If you’re of a certain age, this story might sound familiar.
The year was 1980. I was in fifth grade and had just got my first part-time job delivering the local afternoon newspaper, the Hastings Tribune. The following year, I picked up a route for our state’s “big city” paper, the Omaha World Herald. By the time I got to high school, I was working at the Holiday Inn washing dishes, stepping in as an assistant cook and occasionally (and very poorly) waiting tables. Throughout high school, I worked at three other restaurants, including a pizza joint, a KFC and a Mexican themed drive-through fashioned from a decommissioned Union Pacific caboose named—you guessed it—El Cabooso.
College was less glamorous. Summer factory work, mainly.
By the time I graduated in 1991, I had spent more than half of my life as a part-time worker of one stripe or another. And I wasn’t alone. Back in the 80s, more than half of teenagers held part-time jobs like scooping ice cream, lifeguarding, and doing other work featured prominently in the 3rd season of the Netflix show Stranger Things.
Part-time work losing to education.
According to Pew Research, most teens in the 70s and 80s worked at least part of their summer vacation. That number started to decrease in the early 1990s, and now only about 20% of teens hold a job—an all-time low since the U.S. started keeping track in 1948. Instead, high schoolers these days are spending more time on education, including taking advanced courses and even pursuing rigorous summer programs with an eye toward college and more long-term goals.
Strange things? For 50-year-olds like me, yes. But not for today’s youth. And certainly not for HR professionals.
In this competitive hiring landscape, it’s hard enough finding anyone to fill a part-time position, let alone teenagers. And the rise of the gig economy hasn’t helped. Since 2007, part-time work has increased 9% mainly due to employers trying to meet workers’ demands for flexibility.
Sticky benefits keep employees around.
On the one hand, part-time and contracted work has taken some of the burden off employers to provide benefits. The downside, however, is one of loyalty. Without these “sticky” benefits, part-timers and gig workers simply aren’t as motivated to stick around. You might as well install a revolving door.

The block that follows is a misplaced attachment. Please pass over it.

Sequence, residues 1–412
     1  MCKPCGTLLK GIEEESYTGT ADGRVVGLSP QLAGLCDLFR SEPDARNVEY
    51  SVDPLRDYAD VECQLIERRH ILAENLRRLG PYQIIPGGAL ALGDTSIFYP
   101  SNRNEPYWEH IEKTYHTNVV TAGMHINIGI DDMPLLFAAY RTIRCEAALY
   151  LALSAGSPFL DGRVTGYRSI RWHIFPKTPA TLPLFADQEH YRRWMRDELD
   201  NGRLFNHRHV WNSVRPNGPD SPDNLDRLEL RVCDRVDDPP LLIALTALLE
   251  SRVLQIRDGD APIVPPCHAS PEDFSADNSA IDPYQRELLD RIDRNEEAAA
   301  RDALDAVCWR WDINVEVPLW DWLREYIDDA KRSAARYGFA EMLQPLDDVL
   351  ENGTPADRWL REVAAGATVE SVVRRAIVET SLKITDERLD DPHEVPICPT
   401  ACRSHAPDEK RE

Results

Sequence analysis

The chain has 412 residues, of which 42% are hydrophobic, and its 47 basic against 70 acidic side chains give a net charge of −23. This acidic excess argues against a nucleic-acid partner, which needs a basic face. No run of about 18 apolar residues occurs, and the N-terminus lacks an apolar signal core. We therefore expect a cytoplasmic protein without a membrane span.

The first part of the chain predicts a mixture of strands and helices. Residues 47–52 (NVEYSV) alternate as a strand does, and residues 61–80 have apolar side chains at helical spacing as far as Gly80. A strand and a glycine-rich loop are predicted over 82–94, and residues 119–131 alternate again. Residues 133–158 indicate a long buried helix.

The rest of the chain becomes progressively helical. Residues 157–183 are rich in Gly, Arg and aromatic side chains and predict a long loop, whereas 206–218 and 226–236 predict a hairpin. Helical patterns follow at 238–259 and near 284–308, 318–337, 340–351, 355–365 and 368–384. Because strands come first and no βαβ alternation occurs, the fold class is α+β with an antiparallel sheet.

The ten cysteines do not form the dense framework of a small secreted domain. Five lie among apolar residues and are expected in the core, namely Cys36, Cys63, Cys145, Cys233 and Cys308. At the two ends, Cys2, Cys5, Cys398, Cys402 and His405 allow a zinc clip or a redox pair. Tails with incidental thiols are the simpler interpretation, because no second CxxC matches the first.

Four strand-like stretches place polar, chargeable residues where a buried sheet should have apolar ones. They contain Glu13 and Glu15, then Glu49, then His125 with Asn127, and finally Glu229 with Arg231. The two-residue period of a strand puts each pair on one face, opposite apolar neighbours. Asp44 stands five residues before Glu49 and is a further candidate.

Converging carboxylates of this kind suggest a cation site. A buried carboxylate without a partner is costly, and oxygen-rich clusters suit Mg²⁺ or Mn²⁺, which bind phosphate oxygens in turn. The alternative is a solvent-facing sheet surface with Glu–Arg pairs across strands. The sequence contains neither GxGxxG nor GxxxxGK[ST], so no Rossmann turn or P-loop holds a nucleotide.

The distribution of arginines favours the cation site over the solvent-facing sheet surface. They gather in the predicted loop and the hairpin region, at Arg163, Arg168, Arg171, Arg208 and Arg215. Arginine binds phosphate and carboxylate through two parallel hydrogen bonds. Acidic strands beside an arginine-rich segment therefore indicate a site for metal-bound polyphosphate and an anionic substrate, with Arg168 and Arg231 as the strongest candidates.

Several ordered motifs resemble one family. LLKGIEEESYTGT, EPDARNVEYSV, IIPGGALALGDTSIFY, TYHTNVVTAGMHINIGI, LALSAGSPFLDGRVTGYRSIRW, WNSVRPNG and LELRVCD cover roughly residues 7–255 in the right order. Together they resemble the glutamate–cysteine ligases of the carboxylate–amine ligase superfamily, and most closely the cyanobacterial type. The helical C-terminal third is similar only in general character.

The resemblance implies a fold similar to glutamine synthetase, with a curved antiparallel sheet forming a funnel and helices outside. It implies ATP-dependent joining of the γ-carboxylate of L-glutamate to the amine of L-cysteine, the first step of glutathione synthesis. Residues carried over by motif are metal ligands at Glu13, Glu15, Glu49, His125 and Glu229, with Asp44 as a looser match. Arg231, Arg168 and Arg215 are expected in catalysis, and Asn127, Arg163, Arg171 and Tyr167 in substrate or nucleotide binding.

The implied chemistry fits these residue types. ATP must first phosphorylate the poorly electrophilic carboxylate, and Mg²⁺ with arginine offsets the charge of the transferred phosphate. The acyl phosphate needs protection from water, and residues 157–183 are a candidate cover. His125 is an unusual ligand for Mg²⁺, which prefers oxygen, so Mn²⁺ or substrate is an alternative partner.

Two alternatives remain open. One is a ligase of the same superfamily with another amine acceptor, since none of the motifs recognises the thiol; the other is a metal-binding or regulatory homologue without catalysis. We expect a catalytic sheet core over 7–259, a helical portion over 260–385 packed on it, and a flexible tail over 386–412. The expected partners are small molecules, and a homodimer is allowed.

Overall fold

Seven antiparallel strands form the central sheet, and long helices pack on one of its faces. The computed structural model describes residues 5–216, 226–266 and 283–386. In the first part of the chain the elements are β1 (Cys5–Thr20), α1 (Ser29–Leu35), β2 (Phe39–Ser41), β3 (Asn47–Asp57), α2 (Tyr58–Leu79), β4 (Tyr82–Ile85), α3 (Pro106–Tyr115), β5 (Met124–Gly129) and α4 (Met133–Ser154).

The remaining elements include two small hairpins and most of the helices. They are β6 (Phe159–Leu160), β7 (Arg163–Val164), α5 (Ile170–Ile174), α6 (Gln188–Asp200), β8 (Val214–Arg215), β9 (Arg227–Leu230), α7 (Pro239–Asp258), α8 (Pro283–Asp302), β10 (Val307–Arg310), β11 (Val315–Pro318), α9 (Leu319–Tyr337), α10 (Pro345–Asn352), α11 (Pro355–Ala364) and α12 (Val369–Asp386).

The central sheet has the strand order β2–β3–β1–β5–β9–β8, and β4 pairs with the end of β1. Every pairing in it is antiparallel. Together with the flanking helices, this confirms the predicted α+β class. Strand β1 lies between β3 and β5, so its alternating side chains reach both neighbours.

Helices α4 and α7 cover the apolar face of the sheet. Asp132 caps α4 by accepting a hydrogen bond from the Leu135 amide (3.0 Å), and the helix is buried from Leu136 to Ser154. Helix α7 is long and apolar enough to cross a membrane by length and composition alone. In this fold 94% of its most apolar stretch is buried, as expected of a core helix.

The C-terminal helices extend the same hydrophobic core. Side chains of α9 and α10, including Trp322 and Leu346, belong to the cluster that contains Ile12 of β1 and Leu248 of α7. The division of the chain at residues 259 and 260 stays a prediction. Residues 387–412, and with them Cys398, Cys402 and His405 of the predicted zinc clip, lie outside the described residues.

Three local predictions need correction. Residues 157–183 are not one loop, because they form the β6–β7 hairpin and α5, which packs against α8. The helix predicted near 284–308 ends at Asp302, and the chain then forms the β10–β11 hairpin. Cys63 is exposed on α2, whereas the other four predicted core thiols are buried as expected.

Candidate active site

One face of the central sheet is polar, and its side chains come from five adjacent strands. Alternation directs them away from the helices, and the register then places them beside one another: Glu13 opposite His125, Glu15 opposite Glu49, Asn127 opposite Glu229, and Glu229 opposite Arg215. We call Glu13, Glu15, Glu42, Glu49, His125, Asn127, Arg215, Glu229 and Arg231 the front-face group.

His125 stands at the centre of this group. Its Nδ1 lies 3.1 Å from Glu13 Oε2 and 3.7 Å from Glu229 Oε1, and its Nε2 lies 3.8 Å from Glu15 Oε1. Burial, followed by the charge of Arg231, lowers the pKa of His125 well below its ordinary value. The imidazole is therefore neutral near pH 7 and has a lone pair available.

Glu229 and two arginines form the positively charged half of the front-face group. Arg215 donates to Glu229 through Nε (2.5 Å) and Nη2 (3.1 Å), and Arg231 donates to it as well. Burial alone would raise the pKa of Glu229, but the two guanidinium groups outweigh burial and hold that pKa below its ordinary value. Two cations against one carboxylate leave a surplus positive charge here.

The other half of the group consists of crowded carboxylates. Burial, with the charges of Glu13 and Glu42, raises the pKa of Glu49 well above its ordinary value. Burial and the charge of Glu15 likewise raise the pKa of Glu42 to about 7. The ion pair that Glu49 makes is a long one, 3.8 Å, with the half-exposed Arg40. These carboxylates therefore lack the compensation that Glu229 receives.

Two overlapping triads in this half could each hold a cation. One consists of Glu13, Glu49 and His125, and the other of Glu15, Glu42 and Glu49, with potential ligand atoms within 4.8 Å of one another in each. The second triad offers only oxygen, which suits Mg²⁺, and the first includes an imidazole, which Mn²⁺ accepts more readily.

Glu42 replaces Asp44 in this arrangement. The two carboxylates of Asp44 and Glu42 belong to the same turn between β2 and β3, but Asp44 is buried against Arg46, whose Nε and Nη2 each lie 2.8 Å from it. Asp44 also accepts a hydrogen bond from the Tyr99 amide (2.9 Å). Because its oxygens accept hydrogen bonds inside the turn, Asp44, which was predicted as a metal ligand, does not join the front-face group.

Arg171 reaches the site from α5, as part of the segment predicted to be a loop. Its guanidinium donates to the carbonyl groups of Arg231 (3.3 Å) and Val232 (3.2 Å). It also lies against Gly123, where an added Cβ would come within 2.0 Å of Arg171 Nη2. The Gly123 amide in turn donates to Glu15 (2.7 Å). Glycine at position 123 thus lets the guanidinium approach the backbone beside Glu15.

Think that’s challenging? Well, here are some even stranger things.
According to Gallup, 63% of adults say they will continue to work part-time after they retire. Stranger still, only 25% say they will stop working altogether. And, 1 in 4 Americans plan never to retire.
Offering benefits to part-time workers starting to gain ground.
Where will this leave employers? What will our economy look like a decade from now? Will technology continue to support the gig economy, or will the bubble burst? (Even vinyl albums have made a remarkable comeback. And I love it!)
Only time will tell. For now, forward-thinking organizations are doing everything they can to create a bond with their workers aimed at keeping them around for as long as possible. That includes offering benefits to employees they might not be able to get anywhere else.
The benefits landscape is starting to change.
Returning to the plight of finding teenagers to fill part-time positions, Walmart now pays for ACT and SAT prep courses, allows students to schedule hours around the school day and offers up to seven hours of free college credit. Smart move, considering that recruiting and training a new employee costs an estimated 33% of their annual pay.
It’s also important to remember that the revolving door swings both ways, so to speak. Given the ever increasing high turnover rates and an entire generation or two of adults who plan to work past retirement age in some capacity, employers are even more motivated to cultivate the kind of relationship that turns alumni into boomerang employees. Part of this strategy involves offering portable benefits for employees so they can continue their coverage, regardless of what life stage they are in, and eventually return to the employer who offered those benefits in the first place.
For more insights like these, advice for navigating the evolving landscape of part-time work and the gig economy, check out our webinar on the subject below.
P.S. I’m happy to say life improved after graduation. The Hastings Tribune offered me a full-time job as a cub reporter, complete with benefits like healthcare, a pension and all the newspaper ink I could drink. Alas, I declined their kind offer and fled the country entirely. But, that’s a different blog.